To put all that into perspective, he reached the 17-goal mark in his 36th game last year and still finished second in the league with 40 goals. He hit the 17-goal mark in 16 fewer games this season. How many can he realistically finish with? 60?

2. Patrick Kane and Jonathan Toews.

Tampa Bay knows how dangerous Chicago's dynamic duo can be as well, as evidenced in the 2015 Stanley Cup Final. The Blackhawks' superstars know how to get up for a big game.

In 13 career regular-season games against the Lightning, Kane has 18 points (six goals, 12 assists). Toews has 14 points (eight goals, six assists) in 14 games.

They're both producing at or above a point-per-game pace, and they're going to need more of that against this powerhouse Lightning team.

3. Something's gotta give.

Tampa Bay's offensive prowess is off the charts up and down the lineup. It has four lines that can come at you at waves, and a strong, active blue line led by potential Norris Trophy finalist Viktor Hedman and Calder Trophy candidate Mikhail Sergachev.

Although Chicago allows the fourth-most shots per game (34.0), it actually hasn't been bad at preventing goals — a large reason for that is Corey Crawford. 

The Lightning rank first in goals per game (3.95) and first in power play percentage (28.0) while the Blackhawks rank sixth in goals against per game (2.65) and four in penalty kill percentage (84.9).

Who's going to crack first?

For one writer, Hall of Fame semifinalist selection of Brian Urlacher closes a career circle

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USA TODAY

For one writer, Hall of Fame semifinalist selection of Brian Urlacher closes a career circle

The news on Tuesday wasn’t really any sort of surprise: Brian Urlacher being selected as a semifinalist for the Hall of Fame in his first year of eligibility. Some of the immediate thoughts were, however, for one writer who covered Brian from the day he was drafted on through the unpleasant end of his 13-year career as a Bear.

Good thoughts, though. Definitely good.

The first was a flashback, to a Tuesday in late August 2000 when the ninth-overall pick of the draft, who’d been anointed the starting strong-side linebacker by coach Dick Jauron on draft day, was benched.

It happened up at Halas Hall when Urlacher all of a sudden wasn’t running with the 1’s. Rosie Colvin was in Urlacher’s spot with the starters and would be for a few games into the 2000 season. I caught up with Brian before he walked, in a daze, into Halas Hall after practice and asked about what I’d just seen.

"I'm unhappy with the way I'm playing and I'm sure they are, too," Urlacher said. "I don't think I've been playing very well so that's probably the cause for it right there. I just don't have any technique. I need to work on my technique, hands and feet mostly. I've got to get those down, figure out what I'm doing. I know the defense pretty good now, just don't know how to use my hands and feet."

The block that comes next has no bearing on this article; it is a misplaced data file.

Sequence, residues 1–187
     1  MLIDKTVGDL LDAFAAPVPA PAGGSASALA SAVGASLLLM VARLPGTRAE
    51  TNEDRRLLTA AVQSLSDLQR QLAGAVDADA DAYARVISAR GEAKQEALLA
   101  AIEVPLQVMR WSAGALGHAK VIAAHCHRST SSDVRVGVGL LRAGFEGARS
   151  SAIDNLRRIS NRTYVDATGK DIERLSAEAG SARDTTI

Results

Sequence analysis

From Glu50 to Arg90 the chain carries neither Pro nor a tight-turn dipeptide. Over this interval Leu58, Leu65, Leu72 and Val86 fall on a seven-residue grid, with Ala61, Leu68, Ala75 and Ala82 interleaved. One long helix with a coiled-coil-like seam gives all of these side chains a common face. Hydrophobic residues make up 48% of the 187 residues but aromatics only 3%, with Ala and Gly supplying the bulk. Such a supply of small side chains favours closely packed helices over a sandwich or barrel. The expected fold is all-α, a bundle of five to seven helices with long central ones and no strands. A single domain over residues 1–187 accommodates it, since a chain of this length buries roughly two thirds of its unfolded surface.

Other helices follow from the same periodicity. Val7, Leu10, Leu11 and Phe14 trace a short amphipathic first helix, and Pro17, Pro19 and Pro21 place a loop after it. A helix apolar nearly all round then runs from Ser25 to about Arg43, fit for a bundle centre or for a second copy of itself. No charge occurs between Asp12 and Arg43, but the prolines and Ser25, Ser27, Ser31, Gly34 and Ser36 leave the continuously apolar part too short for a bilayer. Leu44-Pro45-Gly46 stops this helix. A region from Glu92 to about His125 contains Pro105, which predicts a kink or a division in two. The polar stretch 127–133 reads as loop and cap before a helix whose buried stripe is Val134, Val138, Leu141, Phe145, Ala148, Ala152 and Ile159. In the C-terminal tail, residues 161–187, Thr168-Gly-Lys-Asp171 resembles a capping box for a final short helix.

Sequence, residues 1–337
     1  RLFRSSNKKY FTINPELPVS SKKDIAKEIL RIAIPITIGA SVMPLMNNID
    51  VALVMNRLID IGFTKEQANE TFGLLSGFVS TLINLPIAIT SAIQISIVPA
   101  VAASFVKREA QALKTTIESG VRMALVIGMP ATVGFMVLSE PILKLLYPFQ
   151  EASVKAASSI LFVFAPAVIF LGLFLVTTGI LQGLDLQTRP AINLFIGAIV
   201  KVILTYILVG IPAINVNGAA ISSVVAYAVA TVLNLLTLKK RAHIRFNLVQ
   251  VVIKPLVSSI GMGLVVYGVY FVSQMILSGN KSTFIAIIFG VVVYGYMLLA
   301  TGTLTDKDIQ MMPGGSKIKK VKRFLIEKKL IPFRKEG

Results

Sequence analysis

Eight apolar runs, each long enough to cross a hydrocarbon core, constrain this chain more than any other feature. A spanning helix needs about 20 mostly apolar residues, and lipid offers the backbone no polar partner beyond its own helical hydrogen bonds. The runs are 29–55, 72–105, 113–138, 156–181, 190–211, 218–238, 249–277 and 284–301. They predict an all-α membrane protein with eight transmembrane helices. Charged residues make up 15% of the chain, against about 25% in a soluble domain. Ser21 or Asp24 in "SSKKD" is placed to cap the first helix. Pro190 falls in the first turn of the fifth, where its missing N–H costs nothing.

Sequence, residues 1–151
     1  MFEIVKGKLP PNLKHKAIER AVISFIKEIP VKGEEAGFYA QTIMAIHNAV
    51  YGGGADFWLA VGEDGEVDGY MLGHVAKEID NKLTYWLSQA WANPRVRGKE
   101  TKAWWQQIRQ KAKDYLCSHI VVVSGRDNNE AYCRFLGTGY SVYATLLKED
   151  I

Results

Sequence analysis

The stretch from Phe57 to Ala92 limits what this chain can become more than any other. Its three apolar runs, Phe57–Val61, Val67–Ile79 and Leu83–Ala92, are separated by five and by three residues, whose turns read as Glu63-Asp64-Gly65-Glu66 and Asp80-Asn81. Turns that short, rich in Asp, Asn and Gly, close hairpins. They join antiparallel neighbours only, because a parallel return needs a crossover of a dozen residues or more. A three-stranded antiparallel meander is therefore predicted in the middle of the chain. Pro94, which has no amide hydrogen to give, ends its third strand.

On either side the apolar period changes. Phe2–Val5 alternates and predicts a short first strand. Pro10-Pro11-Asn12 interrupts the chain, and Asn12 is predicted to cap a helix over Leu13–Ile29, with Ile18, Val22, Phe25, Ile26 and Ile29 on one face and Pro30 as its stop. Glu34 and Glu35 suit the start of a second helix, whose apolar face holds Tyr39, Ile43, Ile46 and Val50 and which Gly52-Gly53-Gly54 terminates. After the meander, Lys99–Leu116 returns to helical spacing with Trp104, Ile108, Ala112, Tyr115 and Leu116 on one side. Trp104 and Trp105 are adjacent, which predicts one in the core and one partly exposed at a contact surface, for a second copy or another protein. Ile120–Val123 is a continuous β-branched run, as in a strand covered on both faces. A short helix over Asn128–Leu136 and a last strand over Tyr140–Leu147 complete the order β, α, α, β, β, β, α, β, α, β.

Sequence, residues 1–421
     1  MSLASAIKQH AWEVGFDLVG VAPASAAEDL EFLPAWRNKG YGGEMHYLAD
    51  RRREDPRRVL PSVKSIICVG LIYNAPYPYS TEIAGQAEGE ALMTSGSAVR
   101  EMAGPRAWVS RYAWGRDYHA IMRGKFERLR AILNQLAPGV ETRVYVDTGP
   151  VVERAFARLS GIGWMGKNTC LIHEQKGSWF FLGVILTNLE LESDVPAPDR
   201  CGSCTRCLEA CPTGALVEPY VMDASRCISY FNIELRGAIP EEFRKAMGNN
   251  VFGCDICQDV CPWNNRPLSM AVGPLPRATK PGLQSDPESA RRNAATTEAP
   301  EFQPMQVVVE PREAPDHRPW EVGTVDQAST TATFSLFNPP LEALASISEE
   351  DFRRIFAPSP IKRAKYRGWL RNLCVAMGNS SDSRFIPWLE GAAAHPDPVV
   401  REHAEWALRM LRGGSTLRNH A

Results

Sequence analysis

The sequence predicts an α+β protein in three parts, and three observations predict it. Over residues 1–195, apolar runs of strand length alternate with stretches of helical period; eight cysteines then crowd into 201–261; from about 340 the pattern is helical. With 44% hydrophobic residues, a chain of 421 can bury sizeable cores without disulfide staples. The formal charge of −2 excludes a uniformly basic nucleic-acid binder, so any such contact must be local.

Urlacher, an All-American safety at New Mexico but MVP of the Senior Bowl in his first game at middle linebacker, had been starting at strong side, over the tight end, because coaches considered it a simpler position for Urlacher to master. But he was not always correctly aligned before the snap, did not use his hands against blockers effectively and occasionally led with his head on tackles. His benching cost him the chance to be the first Bears rookie linebacker since Dick Butkus to start an Opening Day.

It also was the first time in his football life that Urlacher could remember being demoted.

"It's not a good feeling," he said. "I definitely don't like getting demoted but I know why I am. I just have to get better."

Coaches understood what they were really attempting, subsequently acknowledged privately that the SLB experiment was a mistake. While the strong-side slot may have been simpler than the other two principally because of coverage duties, "we're trying to force-feed the kid an elephant," then-defensive coordinator Greg Blache said.

"So you see him gag and what do you do? You give him the Heimlich maneuver, you take some of it out of his mouth, try to chop it up into smaller pieces. He's going to devour it and be a great football player. But he wouldn't be if we choked him to death."

Urlacher didn’t choke and eventually became the starter, not outside, but at middle linebacker when Barry Minter was injured week two at Tampa Bay.

We sometimes don’t fully know the import or significance at the time we’re witnessing something. Urlacher stepping in at middle linebacker was not one of those times – you knew, watching him pick up four tackles in basically just the fourth quarter of a 41-0 blowout by the Bucs.

That was the beginning. Over the years came moments like Urlacher scooping up a Michael Vick fumble in the 2001 Atlanta game and going 90 yards with Vick giving chase but not catching him. Lots of those kinds of moments.

And then cutting to the ending, in 2013, when he and the organization came to an acrimonious parting after GM Phil Emery managed to alienate the face of the franchise both with the one-year contract offer and the way it was handled. Butkus had a nasty separation at the end of his Bears years, too, and Bill George finished his career as a Los Angeles Ram after creating the middle linebacker position as a Bear. Maybe that’s just how Bears and some of their linebackers wind up their relationships.

In any case, while there is no cheering in the pressbox, the hope here is that Brian goes into the Hall in a class with Ray Lewis in their first years of eligibility. Somehow that just seems like it all should close out for that confused kid from New Mexico who lost his first job out of college, but responded to that by becoming one of the all-time greats in his sport.